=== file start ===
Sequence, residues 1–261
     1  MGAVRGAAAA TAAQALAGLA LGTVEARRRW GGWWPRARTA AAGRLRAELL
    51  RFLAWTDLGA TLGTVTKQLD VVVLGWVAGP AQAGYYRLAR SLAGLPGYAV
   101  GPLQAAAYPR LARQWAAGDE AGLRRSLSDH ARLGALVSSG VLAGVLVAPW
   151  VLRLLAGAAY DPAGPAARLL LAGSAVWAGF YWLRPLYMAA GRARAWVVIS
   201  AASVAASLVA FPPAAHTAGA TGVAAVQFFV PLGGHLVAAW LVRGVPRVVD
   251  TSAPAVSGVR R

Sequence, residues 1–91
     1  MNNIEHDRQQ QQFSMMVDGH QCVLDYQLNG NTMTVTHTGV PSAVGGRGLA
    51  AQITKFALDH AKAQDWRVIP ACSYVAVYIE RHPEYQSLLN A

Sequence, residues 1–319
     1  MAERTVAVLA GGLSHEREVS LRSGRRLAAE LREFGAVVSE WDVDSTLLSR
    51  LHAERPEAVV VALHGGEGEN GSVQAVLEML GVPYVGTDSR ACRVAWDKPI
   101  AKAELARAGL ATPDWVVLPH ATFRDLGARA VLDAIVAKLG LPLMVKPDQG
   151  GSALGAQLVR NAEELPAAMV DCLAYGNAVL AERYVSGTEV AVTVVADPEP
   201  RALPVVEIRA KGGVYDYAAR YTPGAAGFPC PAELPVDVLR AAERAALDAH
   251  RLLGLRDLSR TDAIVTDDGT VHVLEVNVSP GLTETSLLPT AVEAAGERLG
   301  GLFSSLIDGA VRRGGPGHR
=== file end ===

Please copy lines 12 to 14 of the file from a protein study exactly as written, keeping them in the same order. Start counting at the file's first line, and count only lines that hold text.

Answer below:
     1  MAERTVAVLA GGLSHEREVS LRSGRRLAAE LREFGAVVSE WDVDSTLLSR
    51  LHAERPEAVV VALHGGEGEN GSVQAVLEML GVPYVGTDSR ACRVAWDKPI
   101  AKAELARAGL ATPDWVVLPH ATFRDLGARA VLDAIVAKLG LPLMVKPDQG